Site Analysis with Daylight and Wind
Good engineering design begins with a comprehensive understanding of not only where your building sits in the world, but how it sits on the site. Utilizing tools like Green Building Studio in Revit, the Schmidt Associates team is able to test various site configurations to inform design.
For example, on Ball State University’s campus, Schmidt Associates was able to understand, through wind analysis, the impact of new building geometries on existing building planes. This allowed us to optimize the location of the front door, the space between the buildings, and even influenced the strength of the door closers.
For Regenstrief Institute’s new Headquarters, daylight analysis allowed us to maximize both a limited budget and the desire for natural light. This influenced the L-shape of the building and the type and dimension of the shade structures. Ultimately the building provides the occupants with light and outdoor views while minimizing glare and heat gain.
The key to proper lighting design is function and user comfort. You need to provide enough light for people to accomplish their tasks while avoiding glare and unnecessary utility expenditure. Our electrical engineers use Revit to perform a photometric light level analysis. The tool allows us to take into account all facets of the building design such as light, windows, and finishes. For example, if you have a dark floor, the space needs more light than a room with a light colored floor.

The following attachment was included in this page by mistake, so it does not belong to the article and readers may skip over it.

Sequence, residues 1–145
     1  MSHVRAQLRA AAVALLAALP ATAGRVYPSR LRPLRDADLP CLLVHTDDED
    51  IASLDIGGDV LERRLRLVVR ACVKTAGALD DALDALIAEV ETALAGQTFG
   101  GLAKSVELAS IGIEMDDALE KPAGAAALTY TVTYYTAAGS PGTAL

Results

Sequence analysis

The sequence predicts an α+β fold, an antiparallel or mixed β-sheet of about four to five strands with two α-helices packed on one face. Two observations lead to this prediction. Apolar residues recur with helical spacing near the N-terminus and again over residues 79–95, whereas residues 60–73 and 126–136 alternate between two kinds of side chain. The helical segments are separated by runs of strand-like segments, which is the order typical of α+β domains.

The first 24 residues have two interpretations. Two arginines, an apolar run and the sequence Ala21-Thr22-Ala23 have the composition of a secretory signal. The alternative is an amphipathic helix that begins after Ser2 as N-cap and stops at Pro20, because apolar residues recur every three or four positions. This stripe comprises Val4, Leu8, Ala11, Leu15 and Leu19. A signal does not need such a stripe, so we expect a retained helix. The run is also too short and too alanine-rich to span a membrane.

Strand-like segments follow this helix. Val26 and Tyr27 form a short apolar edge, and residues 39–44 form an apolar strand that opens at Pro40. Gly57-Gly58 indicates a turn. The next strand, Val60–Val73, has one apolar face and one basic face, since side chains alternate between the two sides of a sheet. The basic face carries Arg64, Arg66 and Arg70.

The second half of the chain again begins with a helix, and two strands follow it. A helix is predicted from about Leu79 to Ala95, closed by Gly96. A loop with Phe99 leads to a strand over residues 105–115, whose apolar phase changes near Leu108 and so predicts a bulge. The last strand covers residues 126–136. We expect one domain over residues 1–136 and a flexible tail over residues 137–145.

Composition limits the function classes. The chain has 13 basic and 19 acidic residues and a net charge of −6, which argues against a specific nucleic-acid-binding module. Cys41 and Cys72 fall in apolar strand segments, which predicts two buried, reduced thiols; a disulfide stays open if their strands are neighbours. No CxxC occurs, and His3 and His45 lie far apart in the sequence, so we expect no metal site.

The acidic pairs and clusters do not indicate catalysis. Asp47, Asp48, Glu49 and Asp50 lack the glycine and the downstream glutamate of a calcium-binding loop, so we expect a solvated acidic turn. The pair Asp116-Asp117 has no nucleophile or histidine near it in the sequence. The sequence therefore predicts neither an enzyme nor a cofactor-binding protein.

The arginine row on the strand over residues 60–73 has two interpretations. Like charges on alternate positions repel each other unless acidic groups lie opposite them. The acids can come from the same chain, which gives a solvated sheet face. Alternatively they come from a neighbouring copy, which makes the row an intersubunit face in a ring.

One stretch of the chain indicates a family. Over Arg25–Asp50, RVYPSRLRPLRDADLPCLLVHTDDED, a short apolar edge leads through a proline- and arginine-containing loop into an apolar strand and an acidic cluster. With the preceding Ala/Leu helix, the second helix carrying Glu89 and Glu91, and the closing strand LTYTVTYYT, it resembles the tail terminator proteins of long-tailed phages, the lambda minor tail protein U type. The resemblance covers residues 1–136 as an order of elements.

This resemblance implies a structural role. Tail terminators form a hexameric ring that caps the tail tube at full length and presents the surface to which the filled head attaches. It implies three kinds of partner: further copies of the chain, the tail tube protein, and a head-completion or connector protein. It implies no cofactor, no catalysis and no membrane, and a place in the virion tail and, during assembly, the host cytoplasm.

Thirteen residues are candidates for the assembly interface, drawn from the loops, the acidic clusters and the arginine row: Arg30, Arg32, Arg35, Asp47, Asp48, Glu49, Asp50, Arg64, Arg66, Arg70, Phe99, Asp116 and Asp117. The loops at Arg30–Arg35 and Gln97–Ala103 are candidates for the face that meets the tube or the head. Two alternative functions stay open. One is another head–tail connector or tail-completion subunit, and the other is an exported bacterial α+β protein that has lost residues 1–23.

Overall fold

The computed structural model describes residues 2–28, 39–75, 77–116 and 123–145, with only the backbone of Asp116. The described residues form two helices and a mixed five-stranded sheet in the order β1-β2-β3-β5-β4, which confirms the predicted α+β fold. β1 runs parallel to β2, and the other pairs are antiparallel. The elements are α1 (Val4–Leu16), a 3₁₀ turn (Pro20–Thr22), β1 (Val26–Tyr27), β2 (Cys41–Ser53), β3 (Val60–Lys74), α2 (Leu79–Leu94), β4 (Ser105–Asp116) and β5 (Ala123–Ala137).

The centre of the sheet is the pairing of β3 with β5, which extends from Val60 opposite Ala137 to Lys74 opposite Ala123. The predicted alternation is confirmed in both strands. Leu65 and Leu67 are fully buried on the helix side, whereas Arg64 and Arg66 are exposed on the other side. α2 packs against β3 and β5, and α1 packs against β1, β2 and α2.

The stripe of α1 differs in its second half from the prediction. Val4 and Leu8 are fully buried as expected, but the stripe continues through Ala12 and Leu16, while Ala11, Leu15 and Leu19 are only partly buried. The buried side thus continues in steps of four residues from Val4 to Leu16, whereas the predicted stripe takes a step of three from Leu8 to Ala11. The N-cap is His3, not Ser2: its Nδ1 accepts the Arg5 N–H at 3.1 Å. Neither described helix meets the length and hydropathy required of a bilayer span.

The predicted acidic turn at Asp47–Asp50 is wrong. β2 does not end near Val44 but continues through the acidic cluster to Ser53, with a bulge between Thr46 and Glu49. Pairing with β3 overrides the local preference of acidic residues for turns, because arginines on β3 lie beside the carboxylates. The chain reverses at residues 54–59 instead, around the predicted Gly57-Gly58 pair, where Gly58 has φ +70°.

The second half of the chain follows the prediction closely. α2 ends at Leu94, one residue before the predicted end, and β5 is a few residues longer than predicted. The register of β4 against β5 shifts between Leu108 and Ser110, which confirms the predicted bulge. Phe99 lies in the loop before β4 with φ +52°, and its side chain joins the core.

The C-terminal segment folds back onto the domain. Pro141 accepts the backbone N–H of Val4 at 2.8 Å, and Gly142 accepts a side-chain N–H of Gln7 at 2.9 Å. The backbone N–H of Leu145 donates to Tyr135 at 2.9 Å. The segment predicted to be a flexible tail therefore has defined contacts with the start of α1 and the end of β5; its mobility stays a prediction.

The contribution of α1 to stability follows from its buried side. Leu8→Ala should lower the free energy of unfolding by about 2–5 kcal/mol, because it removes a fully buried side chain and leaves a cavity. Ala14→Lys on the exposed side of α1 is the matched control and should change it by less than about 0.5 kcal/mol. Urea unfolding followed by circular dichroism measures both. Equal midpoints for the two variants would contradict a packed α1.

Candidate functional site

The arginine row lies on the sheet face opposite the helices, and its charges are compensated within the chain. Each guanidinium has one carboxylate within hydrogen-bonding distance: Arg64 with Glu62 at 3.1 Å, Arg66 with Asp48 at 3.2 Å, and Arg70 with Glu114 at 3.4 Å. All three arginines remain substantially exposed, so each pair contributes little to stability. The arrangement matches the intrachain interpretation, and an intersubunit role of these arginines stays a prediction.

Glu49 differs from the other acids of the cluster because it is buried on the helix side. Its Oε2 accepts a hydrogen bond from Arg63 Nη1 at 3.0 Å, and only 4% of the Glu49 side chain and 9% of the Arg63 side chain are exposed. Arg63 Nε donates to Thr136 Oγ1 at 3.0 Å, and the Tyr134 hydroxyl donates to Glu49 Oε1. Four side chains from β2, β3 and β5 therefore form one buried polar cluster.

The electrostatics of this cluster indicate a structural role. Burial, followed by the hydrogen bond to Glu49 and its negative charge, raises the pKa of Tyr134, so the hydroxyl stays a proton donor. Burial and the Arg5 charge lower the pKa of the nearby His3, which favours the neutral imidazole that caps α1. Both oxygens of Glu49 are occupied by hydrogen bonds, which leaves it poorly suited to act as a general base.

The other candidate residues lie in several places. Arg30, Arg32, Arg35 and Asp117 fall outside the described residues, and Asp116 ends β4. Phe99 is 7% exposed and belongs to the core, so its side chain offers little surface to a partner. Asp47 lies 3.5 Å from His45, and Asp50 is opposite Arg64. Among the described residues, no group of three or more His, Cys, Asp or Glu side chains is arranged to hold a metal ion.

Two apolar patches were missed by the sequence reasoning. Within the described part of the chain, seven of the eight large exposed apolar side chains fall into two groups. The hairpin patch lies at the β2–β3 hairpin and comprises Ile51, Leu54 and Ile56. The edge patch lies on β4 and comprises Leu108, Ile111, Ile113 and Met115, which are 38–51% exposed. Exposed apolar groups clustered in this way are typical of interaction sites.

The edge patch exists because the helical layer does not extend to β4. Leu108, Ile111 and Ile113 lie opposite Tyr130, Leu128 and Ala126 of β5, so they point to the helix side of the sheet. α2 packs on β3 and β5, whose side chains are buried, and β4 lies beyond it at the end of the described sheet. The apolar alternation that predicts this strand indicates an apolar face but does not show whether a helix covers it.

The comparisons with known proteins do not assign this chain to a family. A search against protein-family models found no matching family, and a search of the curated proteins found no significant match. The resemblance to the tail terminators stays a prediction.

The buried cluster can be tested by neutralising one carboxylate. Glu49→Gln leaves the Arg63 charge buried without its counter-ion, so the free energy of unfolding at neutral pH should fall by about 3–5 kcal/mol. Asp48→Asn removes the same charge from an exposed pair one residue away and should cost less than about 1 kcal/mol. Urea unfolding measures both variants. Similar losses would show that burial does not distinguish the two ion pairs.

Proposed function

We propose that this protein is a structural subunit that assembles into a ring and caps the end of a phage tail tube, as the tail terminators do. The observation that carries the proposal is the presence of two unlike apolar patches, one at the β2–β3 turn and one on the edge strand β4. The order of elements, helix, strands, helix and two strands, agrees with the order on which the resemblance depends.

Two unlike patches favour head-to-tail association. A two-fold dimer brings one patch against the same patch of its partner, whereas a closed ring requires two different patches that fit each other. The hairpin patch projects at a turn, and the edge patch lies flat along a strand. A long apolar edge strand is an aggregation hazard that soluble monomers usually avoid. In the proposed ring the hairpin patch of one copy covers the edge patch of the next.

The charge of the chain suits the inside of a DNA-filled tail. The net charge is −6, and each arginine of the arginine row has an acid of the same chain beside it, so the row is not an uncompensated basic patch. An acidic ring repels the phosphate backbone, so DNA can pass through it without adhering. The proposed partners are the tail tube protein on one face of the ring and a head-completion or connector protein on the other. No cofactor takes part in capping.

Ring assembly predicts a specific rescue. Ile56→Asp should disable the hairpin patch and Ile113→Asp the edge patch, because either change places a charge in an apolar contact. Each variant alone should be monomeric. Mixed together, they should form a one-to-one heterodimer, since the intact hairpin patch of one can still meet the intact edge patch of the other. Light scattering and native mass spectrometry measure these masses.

This comprehensive model, ensures you have an appropriate level of illumination based on the real conditions of each unique space. This doesn’t stop at the lighting layout, it looks at the lighting controls to make sure users can operate the system easily. It also looks at when the building is unoccupied to disable the system while not in use.
Through ease of use, and comprehensive engineering, we can ensure the building performs in the real world as designed.
The number one complaint of facility users is thermal comfort. It has been well-documented that what is comfortable for one human is not always the temperature comfort for another. That said, a few key strategies can influence a user’s ability to be comfortable in any space. This result starts with holistic design. As we explore different HVAC system types, a variety of modeling strategies are utilized to predict user comfort. As an example, when setting a displacement system, a thermal plume model is utilized to study the effectiveness of different design configurations based on the occupied zones.
From there, it is critical to give users as much control of their space as possible, within design parameters. Strategies like individual zones, thermostats, and the ability to adjust air flow with diffusers allow users to tailor the environment to their preferences.